Over the last few decades, Wall Street took on all the trappings of a large technical/scientific enterprise. The market, we were told, had become all about serious and even-handed analysis. Investment firms hired newly minted PhDs in theoretical physics.Adam Frank promises to publish more on this topic, so check the NPR web site for new postings.
Their job was to look into the global market's complexity. Supercomputers, in silent platonic mediation, peered into hyperdimensional simulations of market futures. Universities opened up programs in "financial engineering" developing advanced computer codes and data mining techniques to fill the analysis demand. The best and the brightest headed to Wall Street just like they had once flocked to science, medicine and engineering. There was only one thing missing in all this — the community ethos of responsibility that science, medicine and engineering had developed for themselves.
Here is a question — science manages to be self-policing, why can't investment banks do the same?
By self-policing I mean science should, eventually, find its own errors, its own failures in judgment. It does this through its own cultural institutions and cultural norms — what one may call its ethos. In the Reagan era, Wall Street was given the chance to do the same as regulations were stripped away. You don't need me to tell you it was catastrophic failure.
Sometimes people say that science is amoral, that it does not have a set of values inherent in its practice. Nothing could be further from the truth. There is one great rule in science, which none dare break. The rule every graduate student gets with their mothers' milk.
Fraud occurs in science but it's surprisingly rare. Scientists are loath to falsify data for a variety of reasons. One reason is that sooner or later the world will speak for itself and the fraud will be exposed. Another is that a scientist's worth is only as good as their reputation. Even a whiff of sloppy practice can be enough to sink a career. The last reason is a sense of community. Your results will be passed on and used by others. Falsifying results means stinking up the watering hole for everyone else. These three imperatives form a skeleton of the cultural "boundary conditions," which comprise science's ethical norms.
They are boundaries that one can imagine might have worked in a rapidly "complexifying" world of global high finance. But the harrowing culture of greed emerging from the go-go 1980s made those boundaries far too easy to cross.
In the current debacle, people knew the fraud was out there and might get exposed but, it seems, they would most likely have moved on by then. The banks would be "too big to fail" anyway.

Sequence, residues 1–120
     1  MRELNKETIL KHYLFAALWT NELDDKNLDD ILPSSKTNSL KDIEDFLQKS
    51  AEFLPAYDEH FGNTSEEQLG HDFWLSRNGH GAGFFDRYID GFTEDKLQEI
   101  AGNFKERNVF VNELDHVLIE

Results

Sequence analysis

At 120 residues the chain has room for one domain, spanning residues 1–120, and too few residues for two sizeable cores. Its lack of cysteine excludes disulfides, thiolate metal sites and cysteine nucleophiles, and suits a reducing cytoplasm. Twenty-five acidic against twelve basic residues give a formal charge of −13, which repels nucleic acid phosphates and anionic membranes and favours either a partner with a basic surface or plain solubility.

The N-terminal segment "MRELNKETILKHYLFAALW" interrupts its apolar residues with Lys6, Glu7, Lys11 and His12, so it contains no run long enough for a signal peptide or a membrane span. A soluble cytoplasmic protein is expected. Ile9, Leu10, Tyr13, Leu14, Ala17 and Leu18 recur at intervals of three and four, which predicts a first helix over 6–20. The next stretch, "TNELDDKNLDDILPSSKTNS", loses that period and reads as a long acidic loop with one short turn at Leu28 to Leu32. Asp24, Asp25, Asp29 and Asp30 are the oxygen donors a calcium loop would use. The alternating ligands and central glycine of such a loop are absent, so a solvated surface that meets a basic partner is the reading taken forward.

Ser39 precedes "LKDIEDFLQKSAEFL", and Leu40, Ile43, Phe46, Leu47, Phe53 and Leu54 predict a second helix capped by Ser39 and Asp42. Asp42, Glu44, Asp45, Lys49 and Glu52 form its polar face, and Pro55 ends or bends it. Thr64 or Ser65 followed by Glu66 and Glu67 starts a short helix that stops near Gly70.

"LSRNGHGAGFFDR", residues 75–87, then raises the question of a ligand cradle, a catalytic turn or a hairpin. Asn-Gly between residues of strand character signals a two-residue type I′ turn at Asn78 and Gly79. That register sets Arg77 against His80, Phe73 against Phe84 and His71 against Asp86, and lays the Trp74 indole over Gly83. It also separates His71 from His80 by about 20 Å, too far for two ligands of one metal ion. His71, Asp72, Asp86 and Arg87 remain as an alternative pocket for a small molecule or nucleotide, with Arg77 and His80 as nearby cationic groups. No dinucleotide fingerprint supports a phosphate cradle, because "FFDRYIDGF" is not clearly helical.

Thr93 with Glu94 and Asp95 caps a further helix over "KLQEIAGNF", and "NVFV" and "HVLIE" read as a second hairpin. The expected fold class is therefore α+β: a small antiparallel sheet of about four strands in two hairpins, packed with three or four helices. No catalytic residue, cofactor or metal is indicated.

As for reputation — who cared? All that mattered was wealth, the more obscene the better. Community? Please, don't be a rube. This was the world of Gordon Gecko, hero to a thousand Masters of the Universes. Exalting the self was the only value.
In the end, it was not the complexity of Wall Street's deals that was its (and our) undoing. The crazy products like derivatives and collateralized debt obligations that seemed to demand advanced mathematics to understand them were just part of the problem. Other endeavors like science handle this kind of complexity just fine. The problem was human, all too human.
It is a culture that perverted its sense of reputation, responsibility and community that brought us so close to ruin.
Even in an era of light-speed trading guided by multi-dimensional modeling, it was the simple perversion of communally-held values that shook us to our foundations. It was not complexity alone but in the face of complexity we needed (and still need) integrity. And, finally, given the complexity of the issues we now face from the global economy to global warming, the kind of value vacuum Wall Street created is something we can no longer endure.
Here's what I distill Adam Frank's analysis down to:
- Money corrupts causing people to lose sight of values, reputation, and community.
- Traditional disciplines (he mentions science, medicine and engineering) have developed a code of ethics. The financial industry has not.
- The financial industry had a chance to develop "self-policing" when right wing ideologues starting with Reagan argued for and won "deregulation". No code of ethics, no self-policing, emerged. Instead you got greed and fraud.
- Arguing that Wall Street's failure was just an unfortunate side-effect of "complexity" or "bigness" fails to accept that other disciplines, like science, handle far more complex data and far larger data sets and don't have the fraud and corruption witnessed on Wall Street.